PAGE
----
Personal Stories - Obsessive-Compulsive Disorder (OCD)

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“Sometimes I felt as if all my thoughts were leaves in a pile on a lawn, and a huge gust of wind would blow them all around.”

Fighting the Monster of OCD

As a child, I was gregarious, outgoing, and happy-go-lucky. Then something went horribly askew at about age 12. I did not know why I was unable to focus when I had been the best reader in school. I had been talkative, but I kept to myself, remained silent, and let bullies pick on me. I hadn't the slightest idea what was going on with my body and mind. Eighth-grade was probably my worst year because I was taunted, harassed, and bullied.

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“My introduction to college was defined by a series of irrational questions.”

My Success Over OCD

Two years ago I wondered if the horrible feeling, the gnawing in my stomach would ever leave. Inside my freshman dorm room, I lived in my own mind, fixated on my thoughts and tormented by irrational messages and faulty fears.

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“The world was once my oyster; now, it was my prison.”

Perfectionism and Panic

Kara Baskin familyBack in 2006, I had it all: A loving fiancé, a coveted publishing job, a supportive network of friends and family. I was living in Washington, D.C., where I went out almost every night to press parties and trendy restaurants. In my spare time, I delivered meals on wheels and counseled Alzheimer’s patients at the local senior center. Perfectionistic and ever so vigilant, I could’ve won the Perfect Life Olympics.

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“The tyrant in your head will second-guess you no matter what you do. That voice of dread is terrified, terrifying, loud, and repetitively destructive. Demote it by making it your pesky backseat driver. You can steer without it.”

Working Toward Compassion and Moderation

Becky Wolsk Personal Story OCDEpisodic OCD burdened me for over a decade, from my college years until 2006. Self-punishment made matters worse, as it does for everyone. I compulsively checked the coffee maker to see if it was off, and overchecked my written work. I feared I had inadvertently written embarrassing or unkind Freudian slips.

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“I advise anyone dealing with OCD to find a competent therapist who specializes in this illness.”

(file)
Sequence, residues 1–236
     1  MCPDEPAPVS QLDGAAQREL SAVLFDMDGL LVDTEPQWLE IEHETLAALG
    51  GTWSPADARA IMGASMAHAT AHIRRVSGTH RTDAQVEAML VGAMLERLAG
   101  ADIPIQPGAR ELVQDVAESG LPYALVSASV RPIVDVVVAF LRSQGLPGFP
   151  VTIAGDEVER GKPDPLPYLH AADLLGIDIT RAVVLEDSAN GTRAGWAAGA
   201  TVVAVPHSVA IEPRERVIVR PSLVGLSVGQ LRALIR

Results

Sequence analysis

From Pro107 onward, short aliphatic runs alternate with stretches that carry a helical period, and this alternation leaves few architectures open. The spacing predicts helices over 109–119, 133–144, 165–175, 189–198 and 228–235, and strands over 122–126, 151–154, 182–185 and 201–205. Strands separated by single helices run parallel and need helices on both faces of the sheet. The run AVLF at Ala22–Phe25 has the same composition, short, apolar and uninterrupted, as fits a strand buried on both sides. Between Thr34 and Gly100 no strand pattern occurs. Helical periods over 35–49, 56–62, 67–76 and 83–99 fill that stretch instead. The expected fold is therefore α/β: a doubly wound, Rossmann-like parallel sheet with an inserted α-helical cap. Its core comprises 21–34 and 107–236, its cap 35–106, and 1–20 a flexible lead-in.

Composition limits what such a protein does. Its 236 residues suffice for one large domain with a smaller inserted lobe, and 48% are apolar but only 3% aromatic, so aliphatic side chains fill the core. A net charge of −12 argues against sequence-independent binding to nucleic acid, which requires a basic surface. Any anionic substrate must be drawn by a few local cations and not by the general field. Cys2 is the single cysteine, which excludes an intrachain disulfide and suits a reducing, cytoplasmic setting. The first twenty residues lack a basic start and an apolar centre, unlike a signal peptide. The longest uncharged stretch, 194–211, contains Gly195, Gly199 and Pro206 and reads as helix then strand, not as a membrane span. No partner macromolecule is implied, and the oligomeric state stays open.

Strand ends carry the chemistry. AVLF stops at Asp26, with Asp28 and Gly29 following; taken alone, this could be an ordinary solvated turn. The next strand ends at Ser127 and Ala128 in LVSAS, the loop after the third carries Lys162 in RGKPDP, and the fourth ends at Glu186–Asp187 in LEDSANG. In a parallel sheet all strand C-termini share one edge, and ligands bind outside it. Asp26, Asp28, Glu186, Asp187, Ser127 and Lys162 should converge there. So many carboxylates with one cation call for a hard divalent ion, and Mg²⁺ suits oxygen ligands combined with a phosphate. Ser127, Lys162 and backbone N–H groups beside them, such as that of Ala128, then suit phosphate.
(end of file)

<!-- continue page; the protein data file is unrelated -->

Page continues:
The Throes of Severe OCD: a Mother’s Perspective

My son Dan was in college, and by the time I arrived at his dorm, he had not eaten in more than a week. He was spending hours at a time sitting in one particular chair, hunched over with his head in his hands, doing absolutely nothing. He could not enter most of the buildings on campus and could only do minimal amounts of work at specific times. To top it all off, he was self-injuring. My son was in the throes of severe OCD.

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“Anxiety and shame seemed to come out of nowhere. She felt as if she were going to jump out of her skin. ”

Living With OCD: One Woman's Story

The anxiety and shame started when Diance was 25. She was sitting in a pew at her church, where she is active in the ministry. It seemed to come out of nowhere. She felt as if she were going to jump out of her skin.

Diance doesn’t know why she felt so anxious. But she knows what she saw when the feeling overwhelmed her: a nearby woman wearing a v-neck sweater.

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“I had a great aha moment: If I could change my thoughts, I could also change my feelings.”

Obsessed With Control

"Books, pencils, pens; books, pencils, pens." This was my mantra at age 8, when I started my battle with obsessive-compulsive disorder.

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“I spent hours in the bathroom scrubbing my hands raw. I felt that if I didn't take part in this routine, my mother would die. I forced myself to eat foods that I absolutely hated. ”

My Childhood OCD

My experience with obsessive-compulsive disorder (OCD) began in the summer I was seven years old. My father was planning a vacation to Florida with his girlfriend, my five-year-old brother, and me. I was so excited about seeing the beach and feeling real sand for the first time.

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“Thanks to a very loving and understanding partner, I was able to work through more of the anxiety I felt.”

Redefining My Life

My struggles with emotional and mental problems began at age 12, when I experienced my first nervous breakdown. At age 20 I was diagnosed with major depression. By the time I was 30 that diagnosis had changed to chronic major depression with generalized anxiety disorder (GAD). Later, ADHD and obsessive-compulsive disorder (OCD) were added to my diagnoses. At age 40, and after three suicide attempts within two years, my therapist began to suspect that I suffered from bipolar disorder.

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